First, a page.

I watched Krrish [or is it Kriish or Krishsh or Kkrishh?]. And learnt more than I did from Asimov and Douglas Adams. Some samples:
- The computer is never wrong. In other words, ‘To err is human’. Corollary for a computer that predicts the future is: Never ever think you have the power to change your future.
- A leading software company need not stick to software. Like in this flick, they want to ‘design a computer that predicts the future’. Guess they were so keyed on efficiency that they decide to build everything starting from the microprocessors. And I guess that was absolutely necessary: even in this high efficiency mode, the system occupies a whole ballroom – the walls of the room are made of microprocessors and circuits that are amazingly easy to wreck. I suppose it’d take a lot more effort to rip apart a laptop compared to the futurepredictor- it looks like UNIVAC and ENIAC met The Matrix.
- The villain [Naseeruddin Shah] wouldn’t have been the villain if he had followed his childhood dream of being a newscaster [he keeps having these flashes where he gives us regular updates about his plans in the form of news broadcasts]. He articulates better than Rajdeep Sardesai on one of his better days, and doesn’t get all worked up even when he’s talking about himself.
- When a man runs faster than a horse, he ages ten years by the time he reaches home, and his hair attains the texture and cut of the horse’s mane.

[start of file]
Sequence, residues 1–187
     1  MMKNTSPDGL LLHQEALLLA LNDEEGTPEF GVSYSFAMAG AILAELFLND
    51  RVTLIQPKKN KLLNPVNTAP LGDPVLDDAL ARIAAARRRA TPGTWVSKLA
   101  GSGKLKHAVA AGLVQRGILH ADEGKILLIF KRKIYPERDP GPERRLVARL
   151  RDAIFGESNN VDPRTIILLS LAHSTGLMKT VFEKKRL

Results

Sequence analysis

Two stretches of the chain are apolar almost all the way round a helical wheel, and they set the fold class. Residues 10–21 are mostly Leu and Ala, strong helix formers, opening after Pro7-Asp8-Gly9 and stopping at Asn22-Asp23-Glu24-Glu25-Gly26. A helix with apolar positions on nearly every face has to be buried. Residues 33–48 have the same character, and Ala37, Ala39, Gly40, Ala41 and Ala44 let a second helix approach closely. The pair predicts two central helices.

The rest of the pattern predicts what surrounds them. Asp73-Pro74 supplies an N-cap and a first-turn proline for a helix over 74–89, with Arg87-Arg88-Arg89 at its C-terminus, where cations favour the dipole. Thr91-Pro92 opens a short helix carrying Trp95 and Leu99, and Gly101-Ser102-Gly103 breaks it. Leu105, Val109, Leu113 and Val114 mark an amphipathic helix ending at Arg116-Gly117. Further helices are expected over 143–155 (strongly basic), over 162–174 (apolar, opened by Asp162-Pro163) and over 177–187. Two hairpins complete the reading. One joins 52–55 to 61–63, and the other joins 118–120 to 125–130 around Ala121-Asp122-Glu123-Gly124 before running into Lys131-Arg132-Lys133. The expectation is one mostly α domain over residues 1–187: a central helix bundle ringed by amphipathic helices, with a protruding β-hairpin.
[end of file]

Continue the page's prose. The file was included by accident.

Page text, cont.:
- You can keep your anonymity by going off to a remote place which has one telephone.
- Ex-Miss Worlds’ who suppose the population of India stands at 2 billion, and that Mother Teresa lived for years after her death can’t pout for nuts.
- People in Singapore are very work-oriented: they don’t disrupt their ordered traffic even if everyone’s favorite superhero is running berserk jumping on cars and off buildings.
- Archna Puran Singh can carry off non-speaking roles [like the one in Jhankaar Beats] with better elan than her role in this film as a pseudo-accented media head.
- When Indians go abroad, they speak in Hindi, even to Chinks.
- A desi rehash of Super-Spider-Tarzan-SoftwareEngineerMan is all it takes to inspire tweens to take up infotech as a career option. I’m not kidding. Half the little boys in the theatre were thinking of how to ‘make a computer’ that predicts the future, one that can see the past, one that makes time travel possible, one that does their homework, one that runs the country, and other things like that. Aww, wish Bill Gates or Stallman or Linus Torvalds was more popular that they’d think of writing software that can run on any system.
PS: watched Superman yesterday. The only excited person in the cinema hall was a highly neurotic kid next to me who kept bursting into giggles whenever Lex Luthor’s bald head came into view.